We are all unwitting participants in a massive social experiment that began slowly after World War II and gathered speed in the last decade with the introduction of the smart phone. We have created virtual personas, online worlds, digital connections, social media lives, email relationships, audio-conference teams, video linkups – the whole panoply of ways that we now communicate with one another virtually.
That ability to communicate virtually seemed at first to be an unmitigated advance – we could communicate faster, more easily, with less friction, at our own convenience, to multiples of our previous audiences, with the click of a mouse or a ‘send’ button.
It’s only recently that we’re starting to realize that this huge social experiment has a downside too. We’ve started to worry about shorter attention spans, and we wonder if the Internet makes us stupid. But the real downside has remained largely invisible to us because it touches on the workings of our unconscious minds.
What’s happened is that, as we’ve made room for virtual communication in our lives, our workplaces, and in all the ways we connect with one another, we haven’t fully realized how emotionally empty virtual communications are. Every form of virtual communication strips out the emotional subtext of our communications to a greater or lesser extent. Every one.
Take email, for example. We’ve all experienced the frustration of sending an email that was (to us) obviously meant to be a joke. But the recipient, instead of being amused, was offended, and we had to spends huge amounts of time repairing the relationship. That’s the simplest, most obvious form of emotional undercutting that virtual communications foist on us.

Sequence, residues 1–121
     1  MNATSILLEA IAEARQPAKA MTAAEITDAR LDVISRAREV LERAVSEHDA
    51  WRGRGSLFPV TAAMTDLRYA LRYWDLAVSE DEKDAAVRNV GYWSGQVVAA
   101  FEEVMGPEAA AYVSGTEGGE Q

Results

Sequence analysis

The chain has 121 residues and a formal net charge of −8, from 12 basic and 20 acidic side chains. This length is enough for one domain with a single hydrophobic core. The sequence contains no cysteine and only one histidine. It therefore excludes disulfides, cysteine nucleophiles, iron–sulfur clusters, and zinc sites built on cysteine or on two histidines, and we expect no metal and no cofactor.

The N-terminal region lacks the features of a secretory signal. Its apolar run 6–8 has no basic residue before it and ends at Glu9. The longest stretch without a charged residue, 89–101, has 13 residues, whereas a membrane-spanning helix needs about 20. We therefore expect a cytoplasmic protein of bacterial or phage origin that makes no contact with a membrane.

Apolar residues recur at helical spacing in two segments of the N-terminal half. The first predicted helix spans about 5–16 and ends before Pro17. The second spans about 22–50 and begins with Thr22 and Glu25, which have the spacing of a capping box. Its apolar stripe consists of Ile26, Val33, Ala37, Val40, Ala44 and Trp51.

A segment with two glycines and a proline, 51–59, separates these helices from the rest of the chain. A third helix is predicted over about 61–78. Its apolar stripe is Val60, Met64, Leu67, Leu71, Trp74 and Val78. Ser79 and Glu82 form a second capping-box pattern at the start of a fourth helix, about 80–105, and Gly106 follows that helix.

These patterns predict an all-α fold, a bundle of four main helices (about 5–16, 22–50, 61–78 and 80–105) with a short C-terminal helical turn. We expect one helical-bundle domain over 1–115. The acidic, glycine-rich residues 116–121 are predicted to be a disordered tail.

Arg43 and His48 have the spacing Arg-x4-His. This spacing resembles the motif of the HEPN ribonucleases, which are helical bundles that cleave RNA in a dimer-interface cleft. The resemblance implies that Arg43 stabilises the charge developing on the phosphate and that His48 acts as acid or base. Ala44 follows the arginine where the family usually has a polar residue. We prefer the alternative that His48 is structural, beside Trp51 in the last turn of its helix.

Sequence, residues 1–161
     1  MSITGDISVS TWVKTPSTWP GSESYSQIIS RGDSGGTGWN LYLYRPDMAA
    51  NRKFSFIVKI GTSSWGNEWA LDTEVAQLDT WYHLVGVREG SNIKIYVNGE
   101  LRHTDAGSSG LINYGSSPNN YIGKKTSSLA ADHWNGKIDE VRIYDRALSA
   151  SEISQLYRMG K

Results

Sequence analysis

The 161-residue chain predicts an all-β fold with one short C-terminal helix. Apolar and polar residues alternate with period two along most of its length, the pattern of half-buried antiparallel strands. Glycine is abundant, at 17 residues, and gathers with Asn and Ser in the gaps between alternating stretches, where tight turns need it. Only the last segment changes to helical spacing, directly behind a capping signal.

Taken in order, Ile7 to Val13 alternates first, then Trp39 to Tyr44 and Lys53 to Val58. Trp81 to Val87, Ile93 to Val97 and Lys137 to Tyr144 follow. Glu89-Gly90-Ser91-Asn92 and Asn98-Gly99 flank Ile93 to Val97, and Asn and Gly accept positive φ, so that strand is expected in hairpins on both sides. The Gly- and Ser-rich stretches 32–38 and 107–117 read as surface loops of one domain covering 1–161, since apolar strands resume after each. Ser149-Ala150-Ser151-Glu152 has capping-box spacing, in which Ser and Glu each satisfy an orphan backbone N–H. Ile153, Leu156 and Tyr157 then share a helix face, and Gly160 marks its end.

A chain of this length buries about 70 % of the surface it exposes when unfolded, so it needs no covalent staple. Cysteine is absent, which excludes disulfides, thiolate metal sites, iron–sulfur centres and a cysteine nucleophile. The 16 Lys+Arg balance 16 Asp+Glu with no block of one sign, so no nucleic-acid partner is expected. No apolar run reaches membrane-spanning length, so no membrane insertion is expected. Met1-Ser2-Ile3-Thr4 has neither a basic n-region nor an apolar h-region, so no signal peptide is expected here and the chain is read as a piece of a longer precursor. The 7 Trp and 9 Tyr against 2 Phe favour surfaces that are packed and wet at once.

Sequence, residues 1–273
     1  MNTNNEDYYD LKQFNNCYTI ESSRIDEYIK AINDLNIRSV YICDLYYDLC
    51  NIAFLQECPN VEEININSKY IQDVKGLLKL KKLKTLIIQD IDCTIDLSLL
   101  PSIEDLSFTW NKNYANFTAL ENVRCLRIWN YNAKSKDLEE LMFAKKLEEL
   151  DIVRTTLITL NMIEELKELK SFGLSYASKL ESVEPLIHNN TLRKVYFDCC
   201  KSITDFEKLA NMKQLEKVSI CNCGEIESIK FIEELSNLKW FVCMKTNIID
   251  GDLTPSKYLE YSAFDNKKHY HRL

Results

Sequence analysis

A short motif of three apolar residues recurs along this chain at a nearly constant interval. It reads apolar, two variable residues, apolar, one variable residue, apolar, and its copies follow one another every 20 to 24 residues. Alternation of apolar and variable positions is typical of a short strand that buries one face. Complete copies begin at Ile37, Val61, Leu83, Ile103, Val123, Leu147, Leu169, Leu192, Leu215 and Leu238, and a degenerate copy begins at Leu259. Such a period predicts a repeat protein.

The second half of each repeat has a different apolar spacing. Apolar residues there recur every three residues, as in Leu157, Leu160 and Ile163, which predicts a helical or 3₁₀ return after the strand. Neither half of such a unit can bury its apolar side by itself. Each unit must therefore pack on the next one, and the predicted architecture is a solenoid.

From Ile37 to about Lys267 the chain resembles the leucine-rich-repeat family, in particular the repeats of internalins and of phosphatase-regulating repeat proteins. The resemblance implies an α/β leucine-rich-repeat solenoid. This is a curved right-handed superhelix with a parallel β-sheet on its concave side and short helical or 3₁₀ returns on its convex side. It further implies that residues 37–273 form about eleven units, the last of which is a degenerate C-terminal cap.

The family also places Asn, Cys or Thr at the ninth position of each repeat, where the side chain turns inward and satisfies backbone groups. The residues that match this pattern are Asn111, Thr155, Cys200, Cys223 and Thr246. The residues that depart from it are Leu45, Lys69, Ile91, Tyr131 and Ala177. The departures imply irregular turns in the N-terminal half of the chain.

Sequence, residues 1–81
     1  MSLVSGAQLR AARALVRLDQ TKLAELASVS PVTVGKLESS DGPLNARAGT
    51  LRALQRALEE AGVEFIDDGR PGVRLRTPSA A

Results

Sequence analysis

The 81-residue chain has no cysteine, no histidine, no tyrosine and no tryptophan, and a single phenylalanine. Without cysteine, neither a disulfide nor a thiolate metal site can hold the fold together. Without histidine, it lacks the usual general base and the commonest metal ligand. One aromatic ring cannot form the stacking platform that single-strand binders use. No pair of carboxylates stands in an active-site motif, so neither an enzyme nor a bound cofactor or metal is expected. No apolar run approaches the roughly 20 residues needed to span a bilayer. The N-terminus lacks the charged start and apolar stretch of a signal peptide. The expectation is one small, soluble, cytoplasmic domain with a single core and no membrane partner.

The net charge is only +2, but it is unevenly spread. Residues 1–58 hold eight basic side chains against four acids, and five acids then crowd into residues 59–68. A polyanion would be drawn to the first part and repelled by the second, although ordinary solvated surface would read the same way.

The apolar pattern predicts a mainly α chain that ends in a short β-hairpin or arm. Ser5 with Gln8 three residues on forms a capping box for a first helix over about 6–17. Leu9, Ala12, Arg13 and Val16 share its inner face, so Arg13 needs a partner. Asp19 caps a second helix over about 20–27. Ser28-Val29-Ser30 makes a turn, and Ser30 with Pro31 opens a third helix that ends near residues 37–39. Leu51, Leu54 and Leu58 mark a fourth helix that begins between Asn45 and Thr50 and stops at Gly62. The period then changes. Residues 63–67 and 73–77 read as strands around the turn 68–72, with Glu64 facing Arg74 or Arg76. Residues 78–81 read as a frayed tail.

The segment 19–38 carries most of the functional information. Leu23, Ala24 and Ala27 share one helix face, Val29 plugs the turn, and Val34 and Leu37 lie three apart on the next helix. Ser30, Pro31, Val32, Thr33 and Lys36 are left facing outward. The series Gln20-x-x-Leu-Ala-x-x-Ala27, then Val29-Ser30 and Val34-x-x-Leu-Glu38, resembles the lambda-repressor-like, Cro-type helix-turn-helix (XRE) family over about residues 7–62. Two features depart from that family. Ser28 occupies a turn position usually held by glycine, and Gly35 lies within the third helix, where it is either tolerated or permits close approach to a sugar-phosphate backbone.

Most of us have also spent hours on audio conferences at work, with the mute button in force, taking care of other business while people on the other end of the box drone on endlessly. We’ve had to lunge for that mute button when the boss suddenly says, “Nick, are you still on? What do you think of the new cross-eyed widget?”
And then there’s social media, which would seem to be all about emotional connection, but in fact is like Pringle’s potato chips that you need to keep eating because one doesn’t satisfy. The bland taste creates a need for more but doesn’t allow you to stop. We get one ‘like’ on Facebook, enjoy a brief ‘hit’ of pleasure, and crave more. We get social love on Twitter and Instagram, and it’s just enough to keep us checking our mobile phones hundreds of times per day.
In short, we’ve transferred a surprisingly large amount of our human interactions to the virtual world, and as a result, we no longer get the emotional information, support, and reinforcement we used to get without thinking about it while communicating face-to-face.
Next post: the frightening truth about the result of this giant social experiment.
I’m delighted to announce to you insiders who follow my blog that pre-orders for my new book, Can You Hear Me? are now available on Amazon. The book will be released by Harvard in October 2018, and the long run up to publication day begins now. This blog post and the next one are excerpted from the introduction to the book. If the subject matter intrigues you, please sign up for your own pre-ordered copy. Pre orders allow the publisher to gauge interest in the book and prepare accordingly. More pre orders means more support from the publisher, a better print run and wider distribution. If a lot of you sign up for pre orders, paradoxically, it will greatly increase the chance that Harvard will persuade Barnes and Noble to carry physical copies of the book in their stores, at least the bigger ones in hot locations. That increases the chance that people will be able to stumble on the book, on a shelf in an actual bookstore, and that would be very cool indeed. So please, if you love communications, this blog, or apple pie, go to Amazon and pre order the book today. Thank you.